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Year 12 FAQs

Updated: Sep 17, 2018

By Kaitlin Pauly Year 12

Disclaimer: these answers are not going to apply to everyone’s experiences because I only have what I learnt and what I gained from my time in year 12. I do hope that this helps a lot of you, whether you are a student or a teacher in gaining an insight into the mind of a year 12 student.

1) Is Year 12 hard?

Yes, and no. For me personally I found the jump from year 10 to year 11 harder than the change to year 12. I think this is because the preliminary course mirrors year 12 but is vastly different to year 10. With year 11 you only have 3 terms, which are also jammed with other commitments such as Loreto Day and changing roles in regards to leadership. Year 11 also came with studies (free periods) and more freedom with subject choice. I think the hardest part was staying on top of the work load because it can get overwhelming at times and I definitely felt exhausted by the end of each term. However, year 12 was easier to adjust to but there are also some challenges that come with the final year. The hardest part of year 12 I found was maintaining motivation. It’s easy for girls to burn out during year 11 because it is the first step of your senior studies so when it comes to the following year it can be hard to maintain momentum. As strange as it sounds though, I found I was more relaxed and less stressed in year 12, which I know isn’t true for everyone but I would say it is due to the fact I was more familiar with the expectations before me.

2) Is there any pressure being in Year 12?

Again this is a very subjective answer so this will not apply to all students. I think it is natural to feel pressure in year 12 and it is justified. We spend years hearing about the achievements of past students and seeing them reach academic success in their studies. Although it isn’t done on purpose there is unconsciously a pressure associated with this because you can find yourself questioning your abilities in this time. For me though my biggest pressure came from myself. I am someone who does stress and it is not always a bad thing. However, stress can be bad and as someone who places a lot of pressure on myself I can tell you that sometimes you have to take a step back and give yourself a break and NOT feel guilty. I use to think, and I will be honest sometimes I do still believe that certain marks mean success. But this is the driving cause to the pressures I felt and feel. So be easy on yourself. Take it from a solid stress ball. Walk into each exam telling yourself it is just another assessment and that you know more than you think. Because it is and you do.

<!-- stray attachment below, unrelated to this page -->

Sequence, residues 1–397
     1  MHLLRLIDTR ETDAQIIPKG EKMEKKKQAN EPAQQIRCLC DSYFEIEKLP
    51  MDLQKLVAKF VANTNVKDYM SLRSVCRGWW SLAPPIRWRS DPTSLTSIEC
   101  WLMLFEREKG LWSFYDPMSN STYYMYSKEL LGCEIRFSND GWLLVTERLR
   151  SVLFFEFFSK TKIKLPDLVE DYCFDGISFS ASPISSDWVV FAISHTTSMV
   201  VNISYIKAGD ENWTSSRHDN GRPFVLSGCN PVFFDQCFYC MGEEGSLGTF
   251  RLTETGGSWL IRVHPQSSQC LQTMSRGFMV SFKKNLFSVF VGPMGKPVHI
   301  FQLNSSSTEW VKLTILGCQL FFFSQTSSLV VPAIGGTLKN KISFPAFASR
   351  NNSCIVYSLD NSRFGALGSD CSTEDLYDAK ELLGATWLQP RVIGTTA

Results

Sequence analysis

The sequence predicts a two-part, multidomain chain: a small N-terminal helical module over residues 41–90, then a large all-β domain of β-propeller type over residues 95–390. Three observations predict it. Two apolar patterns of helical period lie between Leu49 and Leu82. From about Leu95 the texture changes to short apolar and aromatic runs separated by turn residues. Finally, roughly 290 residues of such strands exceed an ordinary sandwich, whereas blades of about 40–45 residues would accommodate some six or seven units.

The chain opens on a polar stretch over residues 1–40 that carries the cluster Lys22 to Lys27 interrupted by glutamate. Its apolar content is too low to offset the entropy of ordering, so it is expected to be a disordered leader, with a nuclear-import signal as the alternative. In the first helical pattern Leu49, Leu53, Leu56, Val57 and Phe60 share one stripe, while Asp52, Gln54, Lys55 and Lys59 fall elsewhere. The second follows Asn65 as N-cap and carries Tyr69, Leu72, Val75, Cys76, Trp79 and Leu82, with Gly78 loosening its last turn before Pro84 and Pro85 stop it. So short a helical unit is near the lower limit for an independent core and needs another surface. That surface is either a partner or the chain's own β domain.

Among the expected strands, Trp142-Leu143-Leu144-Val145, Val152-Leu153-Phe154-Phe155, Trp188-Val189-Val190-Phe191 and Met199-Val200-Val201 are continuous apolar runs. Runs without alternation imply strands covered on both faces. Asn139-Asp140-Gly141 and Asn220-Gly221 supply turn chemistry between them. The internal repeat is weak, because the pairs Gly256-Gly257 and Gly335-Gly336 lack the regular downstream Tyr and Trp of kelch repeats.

3) How do you balance school life and social life?

Find a system that works for you. Never rely on how your finds structure their days or what other people tell you. Only you know what works for you and what doesn’t. For me I first had to figure out when I worked best and where. I know that I am not someone who can go to school and then work right away when I get home. I usually start working around 5pm and finish work at 9pm. Again this is not what everyone will do and definitely varies depending on the day and other commitments. I don’t have a set structure and have to be open to flexibility. I will do the majority of my work Monday to Thursday afternoons and I take Friday afternoons off. One because I am usually tired by the end of the week and two, I know it is a time when my friends are also not busy so I make the effort to save this time for social activities. As well as this I either take Saturday or Sunday off. For me this works well. But it is important to not have your head in your books all the time. I promise, having a laugh with your friends is way better for your wellbeing then trigonometric ratios or ‘One Night the Moon’ (standard students will understand).

4) How do you pick your subjects for senior years?